I don’t follow or invest in LVGO yet but I follow this board and while reading Abbott Labs earnings call transcript I came across the following that may be of interest to LVGO investors.

From Robert B. Ford, Abbott Laboratories - CEO, President, COO & Director

In Diabetes Care, Freestyle Libre continued to add new users at a strong and steady rate throughout the quarter as reflected by sales growth of more than 60%. We also continue to expand reimbursement coverage for Libre around the world, including recently becoming the only continuous glucose monitoring system to obtain reimbursement in Japan for people with Type 2 diabetes. And just last week, we announced the availability of Freestyle Libre for hospitalized patients with COVID-19. The Libre system allows frontline health care workers and hospitals to remotely monitor glucose levels in patients with diabetes in order to minimize exposure to COVID-19 and preserve the use of personal protective equipment. In partnership with the American Diabetes Association, Abbott has donated 25,000 Freestyle Libre sensors to U.S. hospitals and medical centers in outbreak hotspots to help accelerate access to the technology.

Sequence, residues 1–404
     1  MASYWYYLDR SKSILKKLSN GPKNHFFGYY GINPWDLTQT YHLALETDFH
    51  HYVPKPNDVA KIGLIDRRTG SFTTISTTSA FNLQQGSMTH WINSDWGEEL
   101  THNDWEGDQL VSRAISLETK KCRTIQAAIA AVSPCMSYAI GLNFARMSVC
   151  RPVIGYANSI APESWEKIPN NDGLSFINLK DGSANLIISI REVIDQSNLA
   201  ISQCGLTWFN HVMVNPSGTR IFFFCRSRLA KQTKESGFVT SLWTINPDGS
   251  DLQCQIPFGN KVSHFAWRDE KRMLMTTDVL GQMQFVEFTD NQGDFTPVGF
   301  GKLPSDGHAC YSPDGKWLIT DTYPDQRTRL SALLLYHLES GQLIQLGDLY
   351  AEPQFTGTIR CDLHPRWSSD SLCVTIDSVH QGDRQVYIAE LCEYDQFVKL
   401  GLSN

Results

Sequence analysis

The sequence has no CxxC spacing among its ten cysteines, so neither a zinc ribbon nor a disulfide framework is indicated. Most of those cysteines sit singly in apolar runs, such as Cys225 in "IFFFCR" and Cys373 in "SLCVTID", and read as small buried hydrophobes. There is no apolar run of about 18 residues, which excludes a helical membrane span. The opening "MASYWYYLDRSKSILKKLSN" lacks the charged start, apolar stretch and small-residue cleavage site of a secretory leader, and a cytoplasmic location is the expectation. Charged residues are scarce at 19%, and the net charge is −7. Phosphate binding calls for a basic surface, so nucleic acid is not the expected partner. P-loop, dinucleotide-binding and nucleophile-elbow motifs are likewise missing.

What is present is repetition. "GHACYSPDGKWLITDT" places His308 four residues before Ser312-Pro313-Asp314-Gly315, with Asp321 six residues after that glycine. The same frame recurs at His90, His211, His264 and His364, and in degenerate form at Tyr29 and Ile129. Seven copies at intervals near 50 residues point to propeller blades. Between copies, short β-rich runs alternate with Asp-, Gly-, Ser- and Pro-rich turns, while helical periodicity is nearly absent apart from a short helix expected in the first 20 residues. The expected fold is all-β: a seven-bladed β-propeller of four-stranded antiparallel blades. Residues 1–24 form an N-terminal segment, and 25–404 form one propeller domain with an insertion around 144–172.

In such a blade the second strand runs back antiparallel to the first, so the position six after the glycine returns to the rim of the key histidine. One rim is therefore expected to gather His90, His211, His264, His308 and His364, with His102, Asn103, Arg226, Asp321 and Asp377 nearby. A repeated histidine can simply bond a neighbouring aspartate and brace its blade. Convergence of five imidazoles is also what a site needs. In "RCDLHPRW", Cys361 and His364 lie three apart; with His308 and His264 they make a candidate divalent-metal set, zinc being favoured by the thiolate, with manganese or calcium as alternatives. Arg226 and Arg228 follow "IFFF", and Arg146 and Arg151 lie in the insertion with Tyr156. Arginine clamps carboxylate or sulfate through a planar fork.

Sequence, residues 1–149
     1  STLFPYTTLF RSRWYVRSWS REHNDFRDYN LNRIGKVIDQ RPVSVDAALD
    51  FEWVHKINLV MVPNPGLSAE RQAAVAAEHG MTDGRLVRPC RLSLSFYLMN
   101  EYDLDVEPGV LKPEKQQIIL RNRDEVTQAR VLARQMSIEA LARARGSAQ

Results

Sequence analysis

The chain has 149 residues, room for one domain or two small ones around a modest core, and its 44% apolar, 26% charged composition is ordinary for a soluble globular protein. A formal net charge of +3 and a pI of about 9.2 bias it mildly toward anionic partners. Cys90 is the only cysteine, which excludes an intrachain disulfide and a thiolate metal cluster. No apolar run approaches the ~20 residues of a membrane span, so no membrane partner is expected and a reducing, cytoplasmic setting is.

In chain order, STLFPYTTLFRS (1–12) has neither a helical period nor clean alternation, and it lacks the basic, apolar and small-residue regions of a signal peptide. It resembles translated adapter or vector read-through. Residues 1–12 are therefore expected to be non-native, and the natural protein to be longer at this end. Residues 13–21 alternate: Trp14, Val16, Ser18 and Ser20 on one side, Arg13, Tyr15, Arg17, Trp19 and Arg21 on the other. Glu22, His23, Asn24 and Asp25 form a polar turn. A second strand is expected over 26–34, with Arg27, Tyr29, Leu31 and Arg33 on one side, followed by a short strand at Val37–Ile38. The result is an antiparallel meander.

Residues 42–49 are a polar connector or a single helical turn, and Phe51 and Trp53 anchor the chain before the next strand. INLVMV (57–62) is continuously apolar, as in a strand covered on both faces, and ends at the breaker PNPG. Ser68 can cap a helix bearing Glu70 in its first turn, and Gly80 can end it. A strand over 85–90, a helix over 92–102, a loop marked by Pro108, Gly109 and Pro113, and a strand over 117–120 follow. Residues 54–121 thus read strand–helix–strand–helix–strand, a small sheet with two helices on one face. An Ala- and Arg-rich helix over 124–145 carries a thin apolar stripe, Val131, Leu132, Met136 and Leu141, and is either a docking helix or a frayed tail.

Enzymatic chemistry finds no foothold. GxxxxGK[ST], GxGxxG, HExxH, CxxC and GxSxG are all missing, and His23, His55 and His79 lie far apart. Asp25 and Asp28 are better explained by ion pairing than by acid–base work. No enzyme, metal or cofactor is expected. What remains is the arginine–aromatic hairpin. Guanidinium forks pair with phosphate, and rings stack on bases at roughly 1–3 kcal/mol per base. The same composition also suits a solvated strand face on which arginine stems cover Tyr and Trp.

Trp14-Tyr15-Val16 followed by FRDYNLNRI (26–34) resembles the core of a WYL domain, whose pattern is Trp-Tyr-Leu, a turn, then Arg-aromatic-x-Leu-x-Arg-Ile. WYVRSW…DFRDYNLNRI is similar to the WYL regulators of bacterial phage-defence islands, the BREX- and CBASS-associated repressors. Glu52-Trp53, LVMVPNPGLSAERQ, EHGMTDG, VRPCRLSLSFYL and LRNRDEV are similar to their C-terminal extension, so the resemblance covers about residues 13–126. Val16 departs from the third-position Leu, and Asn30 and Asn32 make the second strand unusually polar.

There is other mention of the Libre and new Libre2 product in the earnings transcript if you want to read further:…


thanks for all the notes, fantastic stuff

I’m looking forward to continue to follow the company. The top line revenue is eye-catching but the margin improvement in operations is what really got me. And as nilvest and others have explained it seems they are building something that is difficult to replicate

Hi Clyde,

Yes, the Libre and Dexcom’s G6, and most likely other cgms, have that emergency approval. They provide the readings data for LVGO’s bluetooth app. LVGO has their own generic fingerprick tester/strips but not their own cgm, so they get that through partnerships.

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Excellent notes Stocknovice. Thanks for sharing. Also thanks for gmcnatt for this thread.